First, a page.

Authors

Kumar, Praveen, Tewari, Rajesh Kumar and Sharma, Parma Nand

Year Published

2010

Publication

AoB PLANTS

Locations
    DOI

    10.1093/aobpla/plq002

    This article contributed by:

    Oxford University Press

    Effect of salinity on water relations of wild barley plants differing in salt toleranceVysotskaya, Lidia2010

    Effect of salinity on water relations of wild barley plants differing in salt tolerance

    Keywords

    No keywords available

    Abstract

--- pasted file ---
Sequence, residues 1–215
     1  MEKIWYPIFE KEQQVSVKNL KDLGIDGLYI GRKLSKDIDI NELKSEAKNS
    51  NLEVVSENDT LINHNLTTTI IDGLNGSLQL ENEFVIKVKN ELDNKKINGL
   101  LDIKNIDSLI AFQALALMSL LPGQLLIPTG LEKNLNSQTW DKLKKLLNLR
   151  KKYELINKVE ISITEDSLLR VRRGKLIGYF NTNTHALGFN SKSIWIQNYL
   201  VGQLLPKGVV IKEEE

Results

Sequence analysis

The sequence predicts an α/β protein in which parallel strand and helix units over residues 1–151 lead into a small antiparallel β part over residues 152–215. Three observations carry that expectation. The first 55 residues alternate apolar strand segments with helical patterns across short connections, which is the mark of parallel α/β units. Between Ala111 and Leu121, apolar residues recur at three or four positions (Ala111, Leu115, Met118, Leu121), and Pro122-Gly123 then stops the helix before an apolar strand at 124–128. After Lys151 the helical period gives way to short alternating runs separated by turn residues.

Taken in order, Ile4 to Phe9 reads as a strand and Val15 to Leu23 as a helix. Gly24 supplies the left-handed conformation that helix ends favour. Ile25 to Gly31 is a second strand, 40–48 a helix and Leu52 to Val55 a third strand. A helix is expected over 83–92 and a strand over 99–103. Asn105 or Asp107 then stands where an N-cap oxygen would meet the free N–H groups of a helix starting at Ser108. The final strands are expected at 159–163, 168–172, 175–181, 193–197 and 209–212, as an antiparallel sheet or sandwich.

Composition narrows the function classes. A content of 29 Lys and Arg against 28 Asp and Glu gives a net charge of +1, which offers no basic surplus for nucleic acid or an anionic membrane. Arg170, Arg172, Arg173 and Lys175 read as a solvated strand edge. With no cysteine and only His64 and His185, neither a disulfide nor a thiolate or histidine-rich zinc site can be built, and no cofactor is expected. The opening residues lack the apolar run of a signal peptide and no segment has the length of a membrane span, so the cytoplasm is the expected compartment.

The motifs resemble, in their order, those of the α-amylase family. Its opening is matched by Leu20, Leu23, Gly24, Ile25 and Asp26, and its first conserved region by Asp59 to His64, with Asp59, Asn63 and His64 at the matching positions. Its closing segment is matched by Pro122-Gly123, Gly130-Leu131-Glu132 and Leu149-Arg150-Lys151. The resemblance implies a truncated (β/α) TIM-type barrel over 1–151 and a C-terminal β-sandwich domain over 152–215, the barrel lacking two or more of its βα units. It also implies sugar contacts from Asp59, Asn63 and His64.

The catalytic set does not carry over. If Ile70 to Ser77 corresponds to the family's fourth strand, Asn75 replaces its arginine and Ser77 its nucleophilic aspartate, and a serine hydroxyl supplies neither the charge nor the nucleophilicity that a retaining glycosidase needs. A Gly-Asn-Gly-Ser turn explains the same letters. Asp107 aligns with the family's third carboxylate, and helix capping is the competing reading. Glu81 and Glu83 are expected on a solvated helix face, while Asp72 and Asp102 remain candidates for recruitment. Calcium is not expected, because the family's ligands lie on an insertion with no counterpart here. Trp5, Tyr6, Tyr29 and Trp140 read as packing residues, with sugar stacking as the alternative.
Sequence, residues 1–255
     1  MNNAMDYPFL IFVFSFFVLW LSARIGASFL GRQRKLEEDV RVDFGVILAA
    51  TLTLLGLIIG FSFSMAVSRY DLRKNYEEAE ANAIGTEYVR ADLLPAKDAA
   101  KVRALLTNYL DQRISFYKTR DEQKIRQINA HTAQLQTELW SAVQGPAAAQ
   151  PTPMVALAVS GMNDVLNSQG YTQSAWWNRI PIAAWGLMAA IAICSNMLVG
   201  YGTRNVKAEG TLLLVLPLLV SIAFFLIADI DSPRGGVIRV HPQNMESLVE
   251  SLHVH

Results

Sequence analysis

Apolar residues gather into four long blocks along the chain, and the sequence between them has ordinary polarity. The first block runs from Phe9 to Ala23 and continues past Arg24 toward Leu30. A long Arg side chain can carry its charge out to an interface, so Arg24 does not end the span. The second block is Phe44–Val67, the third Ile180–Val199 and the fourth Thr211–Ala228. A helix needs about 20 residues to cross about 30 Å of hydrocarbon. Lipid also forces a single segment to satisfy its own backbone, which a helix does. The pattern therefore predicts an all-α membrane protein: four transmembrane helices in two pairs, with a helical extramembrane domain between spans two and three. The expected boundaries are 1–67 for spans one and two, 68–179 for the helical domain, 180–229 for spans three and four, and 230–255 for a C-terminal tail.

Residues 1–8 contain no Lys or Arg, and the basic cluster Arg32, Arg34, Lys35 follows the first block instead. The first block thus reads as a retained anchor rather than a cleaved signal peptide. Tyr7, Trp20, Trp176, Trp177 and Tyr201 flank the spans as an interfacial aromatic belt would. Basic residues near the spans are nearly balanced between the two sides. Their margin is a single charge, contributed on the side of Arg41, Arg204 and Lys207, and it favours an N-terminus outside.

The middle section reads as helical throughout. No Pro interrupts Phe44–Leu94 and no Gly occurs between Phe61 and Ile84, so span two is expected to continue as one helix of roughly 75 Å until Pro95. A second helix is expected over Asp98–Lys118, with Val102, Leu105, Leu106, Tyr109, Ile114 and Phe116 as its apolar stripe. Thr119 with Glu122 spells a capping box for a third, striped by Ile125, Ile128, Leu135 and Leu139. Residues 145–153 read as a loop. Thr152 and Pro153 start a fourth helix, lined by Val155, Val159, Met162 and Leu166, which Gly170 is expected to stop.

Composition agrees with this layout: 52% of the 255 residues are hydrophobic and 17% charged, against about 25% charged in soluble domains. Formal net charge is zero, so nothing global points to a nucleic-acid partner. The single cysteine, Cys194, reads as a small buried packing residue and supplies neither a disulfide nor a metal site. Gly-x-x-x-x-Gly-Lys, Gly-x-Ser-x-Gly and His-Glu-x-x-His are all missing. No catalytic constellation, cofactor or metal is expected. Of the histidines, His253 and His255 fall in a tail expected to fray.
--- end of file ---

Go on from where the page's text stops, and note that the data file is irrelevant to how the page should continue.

Root hydraulic conductivity was decreased by salinity in barley plants in parallel with slower transpiration rates and a down-regulation of aquaporin expression in the roots. The effects were larger and faster in a more salinity-tolerant line. Background and aims Certain lines of wild barley (Hordeum spontaneum) are more tolerant of salinity than others. The physiological basis of this difference is examined in a comparative study of a saline-tolerant and saline-intolerant line that emphasizes plant water relations. Methodology Effects of salt-treatment (75 mM maximum) extending from a few hours to 3 weeks were quantified in 8-day-old seedlings of a saline-sensitive wild barley line (‘T-1’) and a less saline-sensitive line (‘20-45’). Plants were grown in nutrient culture. Levels of mRNA of the HtPIP2;4 aquaporin (AQP) gene were determined together with a range of physiological responses including root hydraulic conductivity, osmotic potential of root xylem sap, transpiration, leaf relative water content, root water content, leaf water potential, leaf sap osmolality, leaf length, leaf area and chlorophyll content. Principal results Salt treatment inhibited transpiration and hydraulic conductivity more in salt-tolerant ‘20-45’ plants than in salt-sensitive ‘T-1’. In ‘20-45’, the effect was paralleled by a fast (within a few hours) and persistent (3 days) down-regulation of aquaporin. In salt-sensitive ‘T-1’ plants, aquaporin down-regulation was delayed for up to 24 h. Greater tolerance in ‘20-45’ plants was characterized by less inhibition of leaf area, root fresh weight, leaf water content and chlorophyll concentration. Leaf water potentials were similar in both lines. Conclusions (i) Decline in hydraulic conductivity in salt-treated barley plants is important for stomatal closure, (ii) lowered transpiration rate is beneficial for salt tolerance, at least at the seedling stage and (iii) changes in AQP expression are implicated in the control of whole plant hydraulic conductivity and the regulation of shoot water relations.